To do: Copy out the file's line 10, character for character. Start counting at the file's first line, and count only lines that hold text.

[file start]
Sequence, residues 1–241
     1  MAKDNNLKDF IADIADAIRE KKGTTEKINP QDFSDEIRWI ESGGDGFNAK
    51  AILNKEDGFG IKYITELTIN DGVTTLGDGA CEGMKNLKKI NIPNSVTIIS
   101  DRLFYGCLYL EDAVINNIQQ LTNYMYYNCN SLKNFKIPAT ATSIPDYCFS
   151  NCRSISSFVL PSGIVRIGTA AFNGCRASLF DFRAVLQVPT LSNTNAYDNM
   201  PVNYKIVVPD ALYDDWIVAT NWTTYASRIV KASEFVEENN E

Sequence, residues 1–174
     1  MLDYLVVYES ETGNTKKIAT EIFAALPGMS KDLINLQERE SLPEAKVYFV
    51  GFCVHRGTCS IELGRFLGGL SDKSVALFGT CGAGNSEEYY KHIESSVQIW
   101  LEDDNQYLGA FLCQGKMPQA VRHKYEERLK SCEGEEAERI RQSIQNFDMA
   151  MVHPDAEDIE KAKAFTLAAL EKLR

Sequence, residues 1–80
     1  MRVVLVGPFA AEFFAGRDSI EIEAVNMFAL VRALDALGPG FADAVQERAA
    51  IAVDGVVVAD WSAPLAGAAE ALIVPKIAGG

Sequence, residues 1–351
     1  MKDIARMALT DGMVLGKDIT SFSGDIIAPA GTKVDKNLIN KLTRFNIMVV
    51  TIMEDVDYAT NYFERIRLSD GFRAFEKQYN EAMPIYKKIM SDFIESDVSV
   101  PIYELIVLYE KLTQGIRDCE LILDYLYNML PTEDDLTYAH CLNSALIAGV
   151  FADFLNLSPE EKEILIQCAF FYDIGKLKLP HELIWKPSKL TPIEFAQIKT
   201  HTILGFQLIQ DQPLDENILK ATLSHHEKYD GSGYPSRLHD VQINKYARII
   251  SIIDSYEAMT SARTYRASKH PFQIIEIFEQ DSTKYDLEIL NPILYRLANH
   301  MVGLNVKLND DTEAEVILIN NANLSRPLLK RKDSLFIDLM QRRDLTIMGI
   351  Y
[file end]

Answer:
   101  LEDDNQYLGA FLCQGKMPQA VRHKYEERLK SCEGEEAERI RQSIQNFDMA